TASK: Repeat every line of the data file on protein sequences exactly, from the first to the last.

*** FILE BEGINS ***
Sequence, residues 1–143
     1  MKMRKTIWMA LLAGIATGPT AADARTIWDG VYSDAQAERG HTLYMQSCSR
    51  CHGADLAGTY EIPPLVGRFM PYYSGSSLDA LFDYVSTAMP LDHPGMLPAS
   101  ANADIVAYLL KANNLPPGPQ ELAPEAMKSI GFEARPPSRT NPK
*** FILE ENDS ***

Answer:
Sequence, residues 1–143
     1  MKMRKTIWMA LLAGIATGPT AADARTIWDG VYSDAQAERG HTLYMQSCSR
    51  CHGADLAGTY EIPPLVGRFM PYYSGSSLDA LFDYVSTAMP LDHPGMLPAS
   101  ANADIVAYLL KANNLPPGPQ ELAPEAMKSI GFEARPPSRT NPK